Russ Wilson sits on his green couch. Not his favorite couch at home, but the rentable one at his furniture shop, Autumn South Rentals, in Laurel, Miss., 140 miles north of New Orleans. He and wife, Jeanette, have been holed up there for a week, weathering Katrina in its back room. They can't go home. The hurricane's fury sent two giant pines through the roof of their abode.
They saw the storm's force from their store, too. The roof of Elegant Evenings, a salon across the square in downtown Laurel, ripped off and came crashing down on the back of Wilson's pickup truck. "I dove behind the couch," says Jeanette. Now, the twisted metal is still parked below the town's flagpole. The American flag flutters, but in tatters.
Flying bricks and debris shattered Autumn South's upstairs windows. The entire downtown square in Laurel is wrecked. Much of the townfolk have fled. "The storm is gonna put a stop to business for a while," says Wilson.
Power came back on Aug. 31. But the town has little potable water or gas. So Wilson and his wife sit on the couch in their shop -- and patiently wait for the insurance adjuster to come. It could be weeks. Like thousands of others in Laurel and beyond, he's hoping to reclaim some of the life he knew before. But "time is all I've got right now," says Wilson.
"Catching Hell" in Angie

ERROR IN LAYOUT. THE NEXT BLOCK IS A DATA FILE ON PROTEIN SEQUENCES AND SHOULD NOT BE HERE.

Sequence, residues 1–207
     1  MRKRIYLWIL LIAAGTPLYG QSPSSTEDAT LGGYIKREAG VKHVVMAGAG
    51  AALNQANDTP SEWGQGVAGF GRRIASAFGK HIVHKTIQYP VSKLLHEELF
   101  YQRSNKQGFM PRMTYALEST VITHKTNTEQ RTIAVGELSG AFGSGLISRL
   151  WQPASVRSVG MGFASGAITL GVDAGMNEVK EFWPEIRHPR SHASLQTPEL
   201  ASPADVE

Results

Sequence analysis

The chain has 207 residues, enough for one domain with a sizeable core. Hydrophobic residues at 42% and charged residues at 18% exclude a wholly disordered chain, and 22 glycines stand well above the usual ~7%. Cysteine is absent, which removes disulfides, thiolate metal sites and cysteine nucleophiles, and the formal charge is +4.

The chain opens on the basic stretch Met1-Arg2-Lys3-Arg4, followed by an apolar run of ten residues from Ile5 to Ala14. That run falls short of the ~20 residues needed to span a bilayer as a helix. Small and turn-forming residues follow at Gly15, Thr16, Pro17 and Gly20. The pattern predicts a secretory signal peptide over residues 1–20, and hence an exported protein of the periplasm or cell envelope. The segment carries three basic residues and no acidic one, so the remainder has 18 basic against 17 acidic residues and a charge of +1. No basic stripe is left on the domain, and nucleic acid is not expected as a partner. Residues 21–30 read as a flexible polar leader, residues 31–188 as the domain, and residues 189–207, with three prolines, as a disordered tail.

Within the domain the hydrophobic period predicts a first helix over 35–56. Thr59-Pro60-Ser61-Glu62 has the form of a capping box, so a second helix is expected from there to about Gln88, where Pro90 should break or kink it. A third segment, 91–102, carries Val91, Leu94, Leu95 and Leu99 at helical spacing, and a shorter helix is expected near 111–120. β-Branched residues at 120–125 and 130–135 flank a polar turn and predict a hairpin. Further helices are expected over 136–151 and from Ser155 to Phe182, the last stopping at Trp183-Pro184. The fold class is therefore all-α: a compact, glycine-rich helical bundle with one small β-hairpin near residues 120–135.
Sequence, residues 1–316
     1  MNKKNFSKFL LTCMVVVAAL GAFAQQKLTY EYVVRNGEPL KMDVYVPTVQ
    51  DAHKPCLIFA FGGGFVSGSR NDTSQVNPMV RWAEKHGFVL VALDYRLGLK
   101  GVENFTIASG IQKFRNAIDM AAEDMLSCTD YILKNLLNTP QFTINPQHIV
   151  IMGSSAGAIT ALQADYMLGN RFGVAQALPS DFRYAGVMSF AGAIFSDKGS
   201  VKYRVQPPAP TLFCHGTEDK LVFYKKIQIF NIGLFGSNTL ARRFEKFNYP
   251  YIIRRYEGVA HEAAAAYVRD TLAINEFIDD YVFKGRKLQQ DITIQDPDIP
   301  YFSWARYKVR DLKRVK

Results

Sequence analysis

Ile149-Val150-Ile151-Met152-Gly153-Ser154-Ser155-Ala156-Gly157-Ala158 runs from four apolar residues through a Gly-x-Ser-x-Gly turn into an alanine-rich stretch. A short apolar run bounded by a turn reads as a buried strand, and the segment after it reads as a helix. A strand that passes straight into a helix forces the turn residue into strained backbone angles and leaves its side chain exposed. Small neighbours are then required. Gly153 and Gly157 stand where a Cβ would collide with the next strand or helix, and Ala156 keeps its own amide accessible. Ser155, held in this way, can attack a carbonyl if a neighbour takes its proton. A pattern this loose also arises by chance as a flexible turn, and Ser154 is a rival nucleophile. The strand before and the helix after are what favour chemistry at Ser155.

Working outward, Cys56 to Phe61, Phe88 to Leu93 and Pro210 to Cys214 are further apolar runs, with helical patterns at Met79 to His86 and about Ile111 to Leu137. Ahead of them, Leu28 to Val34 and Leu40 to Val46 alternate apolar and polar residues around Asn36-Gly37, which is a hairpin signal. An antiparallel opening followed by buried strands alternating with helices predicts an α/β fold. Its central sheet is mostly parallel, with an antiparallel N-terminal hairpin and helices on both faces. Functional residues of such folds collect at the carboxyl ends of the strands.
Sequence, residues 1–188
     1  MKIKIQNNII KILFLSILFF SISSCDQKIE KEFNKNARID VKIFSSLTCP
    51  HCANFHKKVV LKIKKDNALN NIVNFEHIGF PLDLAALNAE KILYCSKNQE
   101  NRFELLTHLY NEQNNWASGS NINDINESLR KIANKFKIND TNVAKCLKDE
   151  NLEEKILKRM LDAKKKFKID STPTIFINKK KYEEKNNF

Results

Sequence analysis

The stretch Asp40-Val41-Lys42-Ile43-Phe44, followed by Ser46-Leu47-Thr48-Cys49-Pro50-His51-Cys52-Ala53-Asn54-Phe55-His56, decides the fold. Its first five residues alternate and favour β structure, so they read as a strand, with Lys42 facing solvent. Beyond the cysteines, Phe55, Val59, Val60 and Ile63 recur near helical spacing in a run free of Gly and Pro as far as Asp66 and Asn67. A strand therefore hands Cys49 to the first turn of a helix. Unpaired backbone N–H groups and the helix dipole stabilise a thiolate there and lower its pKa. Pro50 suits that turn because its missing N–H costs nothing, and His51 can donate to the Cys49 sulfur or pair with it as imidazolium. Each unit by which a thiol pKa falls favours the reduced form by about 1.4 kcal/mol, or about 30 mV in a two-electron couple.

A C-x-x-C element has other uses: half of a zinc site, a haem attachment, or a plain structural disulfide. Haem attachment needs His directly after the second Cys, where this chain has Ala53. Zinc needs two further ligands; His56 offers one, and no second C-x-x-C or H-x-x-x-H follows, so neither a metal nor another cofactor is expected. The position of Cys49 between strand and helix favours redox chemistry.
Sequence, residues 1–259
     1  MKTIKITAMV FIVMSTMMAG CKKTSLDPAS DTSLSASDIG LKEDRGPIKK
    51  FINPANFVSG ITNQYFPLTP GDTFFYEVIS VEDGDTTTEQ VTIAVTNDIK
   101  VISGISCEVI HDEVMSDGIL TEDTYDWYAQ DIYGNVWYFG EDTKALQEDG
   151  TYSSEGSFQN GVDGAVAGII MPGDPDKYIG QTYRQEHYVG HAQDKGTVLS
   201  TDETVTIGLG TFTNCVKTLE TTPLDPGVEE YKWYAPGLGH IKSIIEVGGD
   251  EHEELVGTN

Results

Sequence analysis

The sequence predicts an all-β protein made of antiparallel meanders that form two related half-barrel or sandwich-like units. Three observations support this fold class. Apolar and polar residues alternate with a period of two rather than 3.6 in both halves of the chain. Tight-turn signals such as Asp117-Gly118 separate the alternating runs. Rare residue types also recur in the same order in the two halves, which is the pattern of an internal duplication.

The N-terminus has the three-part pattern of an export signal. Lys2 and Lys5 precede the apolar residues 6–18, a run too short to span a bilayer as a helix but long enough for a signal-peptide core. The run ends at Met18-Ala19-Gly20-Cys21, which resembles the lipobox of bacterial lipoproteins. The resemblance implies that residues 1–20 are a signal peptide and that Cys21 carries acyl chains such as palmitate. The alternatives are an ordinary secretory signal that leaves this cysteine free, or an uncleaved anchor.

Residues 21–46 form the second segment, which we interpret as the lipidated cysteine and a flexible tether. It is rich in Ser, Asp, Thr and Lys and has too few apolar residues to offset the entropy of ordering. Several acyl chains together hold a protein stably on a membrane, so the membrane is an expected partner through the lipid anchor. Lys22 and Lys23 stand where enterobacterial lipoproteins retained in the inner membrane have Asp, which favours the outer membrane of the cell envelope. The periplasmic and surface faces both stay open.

On the ground, it's clear why some hamlets not far from the rattling helicopters and mass evacuation of the Big Easy aren't yet on the rescue map. Angie, La., is nothing more than a crossroads, a poor town 80 miles north of New Orleans. Street signs nearby read: "Prison area. Do not pick up hitchhikers."
A lone barbecue restaurant is surrounded by fallen trees. The Angie Farm & Garden Supply store offers crickets and minnows for sale to local fisherman, but it's shuttered.
The people here are hurting. On Saturday, Sept. 3, the Washington Parish sheriff's department handed out its first batch of water and ice in a week. Cars, tractors, and four-wheelers flocked to the cow trailer parked at the Angie Fire Station.
Cindy Varnado, who's living in a double-wide trailer with 14 people from four families, has been scrambling for supplies all week. She drove to Baton Rouge for gas, to Covington, north of New Orleans, for bread, and now snatches a case of water and four ice bags in Angie. "It's ridiculous," she says. And it's not going to get any better soon. Varnado's husband, a land surveyor, got word on Friday, Sept. 2, from his boss that there won't be any work for weeks, if not months.
What's the feeling among the locals, alone and without supplies for the last week? Like "catching hell," says Darrin Dixon, who works at the local paper mill. He doesn't expect power for six to eight weeks -- and probably no work, either. Angie's water and ice supply was brief. It ran out in an hour.
Sentinels with Satellite Phones